Participants In Debt Market


Debt markets are pre-dominantly wholesale markets, with institutional investors being major participants. Banks, financial institutions, mutual funds, provident funds, insurance companies and corporate are the main investors in debt markets. Many of these participants are also issuers of debt instruments. The small number of large players has resulted in the debt markets being fairly concentrated and evolving into a wholesale negotiated dealings market. Most debt issues are privately placed or auctioned to the participants. Secondary market dealings are mostly done on telephone, through negotiations. In some segments, such as the government securities market, market makers in the form of primary dealers have emerged, which enable a broader holding of treasury securities. Debt funds of the mutual fund industry, comprising of liquid funds, bond funds and gilt funds, represent a recent mode of intermediation of retail investments into the debt markets. The participants in the debt market are described below:

a)      Central government raises money through bond and T-bill issues to fund budgetary deficits and other short and long term funding requirements.

b)      Reserve Bank of India (RBI), as investment banker to the government, raises funds for the government through dated securities and T-bill issues, and also participates in the market through open-market operations in the course of conduct of monetary policy. RBI also conducts daily repo and reverse repo to moderate money supply in the economy. RBI also regulates the bank rates and repo rates, and uses these rates as tools to its monetary policy. Changes in these benchmark rates directly impact debt markets and all participants in the market as other interest rates realign themselves with these changes.

c)      Primary Dealers (PDs), who are market intermediaries appointed by RBI, underwrite and make market in government securities by providing two-way quotes, and have access to the call and repo markets for funds. Their performance is assessed by RBI on the basis of their bidding commitments and the success ratio achieved at primary auctions. In the secondary market, their outright turnover has to three times their holdings in dated securities and five times their holdings in treasury bills. Satellite dealers constituted the second tire of market makers till December 2002.

d)     State government, municipal and local bodies issues securities in the debt markets to fund their developmental projects as well as to finance their budgetary deficits.

e)      Public Sector Undertakings (PSUs) and their finance corporations are large issuers of debt securities. They raise funds to meet the long term and working capital needs. These corporations are also investors in bonds issued in the debt markets.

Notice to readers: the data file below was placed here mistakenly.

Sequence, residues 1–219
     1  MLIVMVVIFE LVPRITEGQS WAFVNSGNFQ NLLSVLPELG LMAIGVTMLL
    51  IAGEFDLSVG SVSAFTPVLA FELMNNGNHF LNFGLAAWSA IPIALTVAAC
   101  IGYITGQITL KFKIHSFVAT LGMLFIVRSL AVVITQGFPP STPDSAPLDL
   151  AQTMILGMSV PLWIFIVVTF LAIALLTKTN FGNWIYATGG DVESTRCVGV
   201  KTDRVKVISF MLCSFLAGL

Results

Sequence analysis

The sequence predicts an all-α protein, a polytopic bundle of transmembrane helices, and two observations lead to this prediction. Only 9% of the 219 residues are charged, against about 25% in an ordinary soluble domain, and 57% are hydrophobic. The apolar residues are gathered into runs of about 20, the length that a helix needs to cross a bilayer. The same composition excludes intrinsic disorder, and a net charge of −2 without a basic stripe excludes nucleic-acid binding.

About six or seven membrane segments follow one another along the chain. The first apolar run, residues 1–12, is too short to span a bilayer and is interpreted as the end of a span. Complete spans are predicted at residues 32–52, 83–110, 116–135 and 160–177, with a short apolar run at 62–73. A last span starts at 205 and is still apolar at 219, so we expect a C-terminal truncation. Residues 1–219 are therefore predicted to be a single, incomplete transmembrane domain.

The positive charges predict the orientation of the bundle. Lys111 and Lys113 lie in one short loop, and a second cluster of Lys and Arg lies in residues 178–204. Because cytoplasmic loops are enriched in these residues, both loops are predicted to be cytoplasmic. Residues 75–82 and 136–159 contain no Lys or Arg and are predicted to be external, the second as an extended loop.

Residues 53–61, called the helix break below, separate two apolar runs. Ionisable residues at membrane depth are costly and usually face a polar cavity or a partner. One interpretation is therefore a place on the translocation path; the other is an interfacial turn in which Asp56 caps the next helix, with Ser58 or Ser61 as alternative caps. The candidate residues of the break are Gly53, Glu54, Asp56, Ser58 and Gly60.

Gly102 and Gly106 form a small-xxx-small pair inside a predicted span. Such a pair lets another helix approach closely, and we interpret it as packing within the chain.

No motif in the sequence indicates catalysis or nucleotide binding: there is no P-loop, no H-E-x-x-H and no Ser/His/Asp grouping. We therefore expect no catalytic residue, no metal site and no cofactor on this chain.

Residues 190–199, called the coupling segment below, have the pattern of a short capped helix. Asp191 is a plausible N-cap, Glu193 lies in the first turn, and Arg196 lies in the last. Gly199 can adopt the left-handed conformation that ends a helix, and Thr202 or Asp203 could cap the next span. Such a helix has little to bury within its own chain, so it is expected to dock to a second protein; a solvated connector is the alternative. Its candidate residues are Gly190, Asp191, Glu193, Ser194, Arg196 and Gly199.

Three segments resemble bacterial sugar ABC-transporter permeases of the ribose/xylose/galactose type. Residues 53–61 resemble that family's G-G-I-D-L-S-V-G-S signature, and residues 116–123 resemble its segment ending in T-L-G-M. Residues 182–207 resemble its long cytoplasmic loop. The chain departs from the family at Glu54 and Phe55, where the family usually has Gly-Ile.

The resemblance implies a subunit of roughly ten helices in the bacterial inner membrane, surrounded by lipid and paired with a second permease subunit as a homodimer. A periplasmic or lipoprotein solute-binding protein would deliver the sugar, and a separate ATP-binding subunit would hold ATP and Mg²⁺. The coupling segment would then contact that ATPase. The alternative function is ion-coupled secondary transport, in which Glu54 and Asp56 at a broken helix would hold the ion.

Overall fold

f)       Corporate issue short and long term paper to meet their financial requirements. They are also investors in debt securities issued in the market.

g)      Development Financial Institutions (DFIs) regularly issue bonds for funding their financing requirements and working capital needs. They also invest in bonds issued by other entities in the debt markets. Most FIs hold government securities in their investment and trading portfolios.

h)      Banks are the largest investors in the debt markets, particularly the government securities market due to SLR requirements. They are also the main participants in the call money and overnight markets. Banks arrange CP issues of corporate and are active in the inter-bank term markets and repo markets for their short term funding requirements. Banks also issue CDs and bonds in the debt markets. They also issue bonds to raise funds for their Tier-II capital requirements.

i)        The investment norms for insurance companies make them large participants in government securities market.

j)        Mutual funds have emerged as important players in the debt market, owing to the growing number of debt funds that have mobilised significant amounts from the investors. Most mutual funds also have specialised debt funds such as gilt funds and liquid funds. Mutual funds are not permitted to borrow funds, except for meeting very short-term liquidity requirements. Therefore, they participate in the debt markets pre-dominantly as investors, and trade on their portfolios quite regularly.

k)      Foreign Institutional Investors (FIIs) are permitted to invest in treasury and corporate bonds, with certain limits.

l)        Provident and pension funds are large investors in the debt markets. The prudential regulations governing the deployment of the funds mobilised by them mandate investments pre-dominantly in treasury and PSU bonds. They are, however, not very active traders in their portfolio, as they are not permitted to sell holdings, unless they have a funding requirement that cannot be met through regular accruals and contributions.

m)    Charitable institutions, trusts and societies are also large investors in the debt markets. They are, however, governed by their rules and bye-laws with respect to the kind of bonds they can buy and the manner in which they can trade on the debt portfolios.

n)      Since January 2002, retail investors have been permitted submit non-competitive bids at primary auction through any bank or PD. They submit bids for amounts of Rs. 10,000 and multiples thereof, subject to the condition that a single bid does not exceed Rs. 1 Crore. The non-competitive bids upto a maximum of 5% of the notified amount are accepted at the weighted average cut off price/yield.

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